Los Tigres del Norte Tickets for Sale

Having worked with Fama records (founded by Art Walker), in the 1980s, Los Tigres Del Norteño partnered up with Fonovisa Records and saw some more success coming their way. Beginning with Jaula de Oro in 1984, they regularly topped the Mexican album chart side. The most colorful feather in their decorated cap would come as the Grammy Award for Best Mexican-American Performance, for Gracias America… Sin Fronteras in 1986. They also went on to bag about a dozen more Grammy nominations. Along similar lines, in 1999 ‘Herencia de Familia' won them the Grammy for Best Norteño Performance at the first annual Latin Grammy Awards.

There was also a slight downside to their storied career that made an onset just after "Herencia de Familia", and that sliding down proved to be a tremendous artistic failure Los Tigres del Norte . There was also the complaint about them that they always portrayed life as a struggle in an imperfect world as most of their lyrics were centered on illegal narcotics, immigration and betrayal between a man and woman that had a tinge of heavy pathos.

However, the other side of the coin is definitely bright and glitzy and they have their own merits and credits too. The band is considered respectable as they never glamorized or celebrated drug trade or criminal activities. Such respectability brought in diverse audience both demographically and geographically. They sure have proved to be carrying the tickets to enjoying Norteño genre of music!

Discography (latest 20):

2006 Muerte del Soplon [CD/DVD]
2006 Historias Que Contar [CD/DVD]
2006 Historias Que Contar
2006 Banda del Carro Rojo [CD/DVD]
2005 Ti Madrecita
2005 Mas Pedidas [CD & DVD]
2005 Directo al Corazon [CD & DVD]
2005 Directo al Corazon
2005 Cumbias y Algo Mas [CD & DVD]
2004 Pacto de Sangre [CD & DVD]
2004 Pacto de Sangre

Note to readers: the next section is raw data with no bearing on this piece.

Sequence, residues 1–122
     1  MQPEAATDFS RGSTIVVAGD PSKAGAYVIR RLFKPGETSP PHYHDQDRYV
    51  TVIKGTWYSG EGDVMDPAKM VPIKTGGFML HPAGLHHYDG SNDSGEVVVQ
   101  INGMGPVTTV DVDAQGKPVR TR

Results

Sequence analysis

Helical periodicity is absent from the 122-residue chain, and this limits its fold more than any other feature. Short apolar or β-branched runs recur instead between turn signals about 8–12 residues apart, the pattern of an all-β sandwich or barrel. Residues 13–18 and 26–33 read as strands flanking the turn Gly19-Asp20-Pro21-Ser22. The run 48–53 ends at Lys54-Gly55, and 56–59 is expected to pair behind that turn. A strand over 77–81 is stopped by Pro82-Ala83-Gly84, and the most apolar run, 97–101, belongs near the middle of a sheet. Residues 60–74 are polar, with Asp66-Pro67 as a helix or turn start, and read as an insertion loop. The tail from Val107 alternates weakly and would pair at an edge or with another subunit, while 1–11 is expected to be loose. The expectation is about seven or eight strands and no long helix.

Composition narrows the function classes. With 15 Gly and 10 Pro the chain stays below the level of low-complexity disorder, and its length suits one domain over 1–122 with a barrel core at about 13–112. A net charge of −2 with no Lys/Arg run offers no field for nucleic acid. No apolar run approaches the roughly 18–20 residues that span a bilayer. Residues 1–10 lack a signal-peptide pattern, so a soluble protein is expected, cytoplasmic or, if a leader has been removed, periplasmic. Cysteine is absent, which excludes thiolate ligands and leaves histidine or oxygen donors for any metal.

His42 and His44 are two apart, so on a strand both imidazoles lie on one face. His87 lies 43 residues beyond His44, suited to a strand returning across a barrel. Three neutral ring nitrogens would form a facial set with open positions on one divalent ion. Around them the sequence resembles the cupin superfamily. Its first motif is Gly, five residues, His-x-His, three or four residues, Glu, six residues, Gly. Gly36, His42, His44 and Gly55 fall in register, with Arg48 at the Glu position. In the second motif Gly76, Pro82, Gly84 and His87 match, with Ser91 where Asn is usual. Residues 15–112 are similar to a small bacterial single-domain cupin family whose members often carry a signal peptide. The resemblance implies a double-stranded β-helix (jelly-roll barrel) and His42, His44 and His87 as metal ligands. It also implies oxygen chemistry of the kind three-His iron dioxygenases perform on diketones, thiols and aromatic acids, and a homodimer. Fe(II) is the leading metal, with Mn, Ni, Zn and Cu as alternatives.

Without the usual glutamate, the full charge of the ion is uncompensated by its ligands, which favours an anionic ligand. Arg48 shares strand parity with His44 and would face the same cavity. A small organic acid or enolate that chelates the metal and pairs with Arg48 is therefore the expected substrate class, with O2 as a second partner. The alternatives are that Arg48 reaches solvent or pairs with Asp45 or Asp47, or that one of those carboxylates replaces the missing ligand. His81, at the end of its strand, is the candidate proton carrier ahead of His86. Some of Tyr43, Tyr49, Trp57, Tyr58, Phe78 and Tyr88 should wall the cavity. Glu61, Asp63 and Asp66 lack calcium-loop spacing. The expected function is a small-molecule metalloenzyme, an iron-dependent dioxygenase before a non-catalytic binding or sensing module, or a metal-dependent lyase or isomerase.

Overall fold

2002 Reina del Sur
2001 Uniendo Fronteras
2000 Tigres del Norte: El Chequ
2000 Plaza Garibaldi
2000 De Paisano A Paisano
2000 Corridos
2000 Contrabando, Tración Y Robo
1999 Herencia de Familia
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Jun 16 Fri 9:00 PM Los Tigres Del Norte Grand Sierra Theatre
Reno, NV
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Jun 18 Sun 7:00 PM Los Tigres Del Norte Pechanga Resort & Casino - Showroom
Temecula, CA
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Aug 25 Fri 8:00 PM Los Tigres Del Norte Arlene Schnitzer Concert Hall
Portland, OR
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Sep 17 Sun 6:00 PM Los Tigres Del Norte & Natalia Jimenez Ravinia Pavilion
Highland Park, IL
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Sep 23 Sat 7:30 PM Los Tigres Del Norte Weill Hall At Green Music Center
Rohnert Park, CA
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Since late 1960s Les Tigres Del Norteño, a group of Mexican brothers have been treating their fans to good quality Norteño (literally meaning ‘northern' in Spanish) music. Tickets to their show are what anyone interested in Norteño should hunt for! Theirs is yet another cross border success story. Originally from Rosa Morada, a town in the western state of Sinaloa, Mexico, they migrated to California to find a permanent residence in not just USA but also in the music industry. Jorge Hernandéz, who is a vocalist and also an accordionist, leads the band. He is the eldest (in a family of 11) and was joined by 4 of his brothers - Hernán, Eduardo, Luis, Raúl and cousin Oscar. Later on, Raúl left the group around 1990 to take up his father's responsibility as the primary breadwinner of the family when he was injured and could not be a rancher any longer.

Once, a song about a drug runner fell on the ears of Jorge Hernandez. What would have seemed a source of controversy in anyone else's mind appeared to be a golden opportunity to Jorge. He obtained permission for recording the song and released the same as ‘Contrabando y Traición' which was a runaway hit and gave them their first break through! ‘Contrabando y Traición' was a corrido, a song that has a narrative form of lyrics, popular in the Mestizo culture of North America, mainly in the northern Mexico and a few southern states of USA. The song was about a pair of lovers trafficking drug across the border. Los Tigres Del Norte subsequently went on to produce more numbers of the same kind, i.e. on drug and immigration. ‘Corridos Prohibidos' and Jaula de Oro are classic examples for those flavors. Most of their songs had a hint of ironic humor and connected with the Mexicans' who experience hardships in making a living in the United States.
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